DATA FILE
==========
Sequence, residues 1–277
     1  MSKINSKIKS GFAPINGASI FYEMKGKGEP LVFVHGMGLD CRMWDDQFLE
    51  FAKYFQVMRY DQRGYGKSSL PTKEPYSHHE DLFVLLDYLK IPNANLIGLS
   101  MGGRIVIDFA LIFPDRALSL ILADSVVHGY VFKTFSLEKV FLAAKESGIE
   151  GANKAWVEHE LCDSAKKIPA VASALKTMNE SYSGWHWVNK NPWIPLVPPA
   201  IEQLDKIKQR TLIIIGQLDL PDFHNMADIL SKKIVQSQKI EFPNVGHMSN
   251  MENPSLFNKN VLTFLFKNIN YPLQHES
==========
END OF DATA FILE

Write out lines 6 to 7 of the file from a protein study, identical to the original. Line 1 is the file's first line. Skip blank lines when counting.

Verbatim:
   201  IEQLDKIKQR TLIIIGQLDL PDFHNMADIL SKKIVQSQKI EFPNVGHMSN
   251  MENPSLFNKN VLTFLFKNIN YPLQHES